By Nury Vittachi
An Asian meets a haggis on the streets of Scotland
Walking the dark streets of Edinburgh late at night I had a terrifying experience. A crazed-looking gang jumped out of the shadows right into my path.
Before I could escape, they did what street gangs in the capital of Scotland usually do: yes, they committed a random act of entertainment right there in front of me.
Lucky for me, they did not do experimental theatre, which I find marginally less enticing then amateur penis reduction surgery, but an extract of Shakespeare, which I rather enjoyed.
Thousands of people from Asia and elsewhere travel to Edinburgh every August, when it turns into a mad city of entertainment. Plays, dances and comedies erupt on every corner. Actors perform in cars. Shows are staged on balconies, rooftops, doorways and even up trees. Groups have been known to do their shows in toilets, and sometimes toilets are exactly the right place for them. (To be honest, I didn’t like the sound of this, so I made a large number of extra toilet visits before arrival.)
Performers who had flown into the city ranged from famous Hollywood actors to obscure speakers from obscure parts of the world (i.e., me).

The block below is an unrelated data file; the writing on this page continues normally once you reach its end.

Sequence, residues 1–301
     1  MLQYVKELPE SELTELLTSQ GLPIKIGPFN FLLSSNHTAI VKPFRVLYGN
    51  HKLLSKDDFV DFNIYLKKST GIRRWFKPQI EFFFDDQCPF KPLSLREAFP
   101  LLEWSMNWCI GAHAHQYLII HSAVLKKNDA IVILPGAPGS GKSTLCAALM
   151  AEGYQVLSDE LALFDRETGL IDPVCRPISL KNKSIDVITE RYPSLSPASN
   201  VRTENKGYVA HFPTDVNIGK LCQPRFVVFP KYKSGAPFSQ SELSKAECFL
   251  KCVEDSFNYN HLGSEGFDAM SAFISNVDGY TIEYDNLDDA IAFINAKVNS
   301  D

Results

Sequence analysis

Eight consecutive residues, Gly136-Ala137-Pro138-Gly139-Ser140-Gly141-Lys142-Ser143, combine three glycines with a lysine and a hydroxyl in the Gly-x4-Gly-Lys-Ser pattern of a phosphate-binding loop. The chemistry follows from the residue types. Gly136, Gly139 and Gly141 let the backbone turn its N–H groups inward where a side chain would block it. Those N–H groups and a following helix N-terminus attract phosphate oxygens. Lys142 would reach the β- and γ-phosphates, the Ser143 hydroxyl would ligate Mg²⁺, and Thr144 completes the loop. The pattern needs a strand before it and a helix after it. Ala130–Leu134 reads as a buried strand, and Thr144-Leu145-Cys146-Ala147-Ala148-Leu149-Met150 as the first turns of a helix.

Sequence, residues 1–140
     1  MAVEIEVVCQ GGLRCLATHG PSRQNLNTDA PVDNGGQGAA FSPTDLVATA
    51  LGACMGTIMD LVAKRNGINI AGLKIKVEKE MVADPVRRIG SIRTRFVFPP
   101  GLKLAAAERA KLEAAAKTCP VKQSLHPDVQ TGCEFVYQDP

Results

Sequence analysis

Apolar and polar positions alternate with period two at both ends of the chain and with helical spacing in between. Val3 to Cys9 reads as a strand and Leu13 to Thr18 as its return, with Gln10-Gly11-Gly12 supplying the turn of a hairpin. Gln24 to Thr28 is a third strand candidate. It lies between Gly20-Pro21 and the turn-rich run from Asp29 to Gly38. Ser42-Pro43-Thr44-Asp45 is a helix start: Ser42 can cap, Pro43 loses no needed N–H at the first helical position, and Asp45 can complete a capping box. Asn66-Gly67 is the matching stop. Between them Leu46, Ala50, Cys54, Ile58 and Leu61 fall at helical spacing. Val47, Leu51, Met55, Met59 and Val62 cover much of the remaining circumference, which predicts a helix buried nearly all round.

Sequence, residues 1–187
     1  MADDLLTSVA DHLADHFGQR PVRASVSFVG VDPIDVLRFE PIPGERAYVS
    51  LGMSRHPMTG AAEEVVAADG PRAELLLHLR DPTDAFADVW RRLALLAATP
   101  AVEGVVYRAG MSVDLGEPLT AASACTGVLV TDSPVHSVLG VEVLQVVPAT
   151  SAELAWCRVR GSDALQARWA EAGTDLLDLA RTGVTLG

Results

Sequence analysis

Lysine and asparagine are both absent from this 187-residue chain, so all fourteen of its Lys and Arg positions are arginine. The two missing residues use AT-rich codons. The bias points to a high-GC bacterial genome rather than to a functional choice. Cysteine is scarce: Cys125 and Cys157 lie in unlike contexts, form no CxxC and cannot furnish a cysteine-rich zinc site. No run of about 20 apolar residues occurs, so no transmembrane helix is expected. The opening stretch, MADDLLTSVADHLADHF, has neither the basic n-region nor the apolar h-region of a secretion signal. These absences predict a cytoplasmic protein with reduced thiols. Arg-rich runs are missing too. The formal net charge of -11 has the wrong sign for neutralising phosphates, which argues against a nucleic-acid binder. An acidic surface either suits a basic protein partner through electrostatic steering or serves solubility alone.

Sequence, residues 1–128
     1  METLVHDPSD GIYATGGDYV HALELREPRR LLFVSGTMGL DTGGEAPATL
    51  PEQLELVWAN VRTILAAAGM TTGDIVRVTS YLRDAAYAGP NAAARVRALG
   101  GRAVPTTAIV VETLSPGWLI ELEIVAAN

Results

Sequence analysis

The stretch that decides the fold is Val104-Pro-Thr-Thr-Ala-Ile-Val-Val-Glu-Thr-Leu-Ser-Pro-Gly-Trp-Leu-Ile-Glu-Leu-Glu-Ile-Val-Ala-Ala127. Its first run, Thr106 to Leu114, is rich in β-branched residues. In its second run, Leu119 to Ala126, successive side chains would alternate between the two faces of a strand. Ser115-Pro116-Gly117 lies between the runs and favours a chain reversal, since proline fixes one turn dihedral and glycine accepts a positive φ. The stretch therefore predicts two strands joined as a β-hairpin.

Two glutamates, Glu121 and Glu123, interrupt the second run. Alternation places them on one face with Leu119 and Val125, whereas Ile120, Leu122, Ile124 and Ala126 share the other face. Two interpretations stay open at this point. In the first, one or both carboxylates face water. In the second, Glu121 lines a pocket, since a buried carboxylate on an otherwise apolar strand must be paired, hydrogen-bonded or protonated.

Audiences ranged from a thousand-strong mob of bespectacled intellectuals to a small pile of whiskey-stained clothes which may or may not have contained a human being.
But there so many of us needing audiences, that we weren’t fussy. Indeed, there was sometimes so much heckling that we ended up jealous of the people who performed to the pile of clothes. At least they didn’t interrupt.
Edinburgh is quite shocking in its own right. The first thing you see upon stepping out of the railway station is a man wearing a skirt tormenting an animal. (Warning: The skirt must be referred to as a kilt. Scots are legally allowed to beat to death any tourist who refers to it as a skirt or dress.)
Why do Scottish men prefer skirts to trousers? A famous actor, Kenneth Williams, explained that the kilt was ideal for Scotsmen, because they liked to travel. “The kilt is the perfect garment for the two main activities of Scotsmen abroad: fornication and diarrhoea.”
The animal being tormented is actually a “musical” (I use that word advisedly) instrument called a “haggis”. You simultaneously blow into it and squeeze it. It emits an extremely long, sad, mournful note. Oh, hang on, that may have come from the audience, who were showing their appreciation by running rapidly in the opposite direction.
True Scots start each day by eating a bowl of wallpaper paste they call porridge (or “sporran” in the local language). All Scotsmen are called Jimmy, except the country’s founder, who was Robert the Burns, or Mel Gibson. The story goes that Robert/ Mel’s pet spider gave the country its motto, which is, “If at first you don’t succeed, do unto others.”
On my second night in Scotland, a group of Asians arrived and started playing Chinese instruments in the middle of the city. The haunting cry of the erhu and the evocative twang of the Chinese zither were so atmospheric that a huge crowd gathered. Even the man playing the haggis stopped to listen.
It made me realize that how important it is for communities to experience culture from other communities. Anyone want to share my bowl of sporran?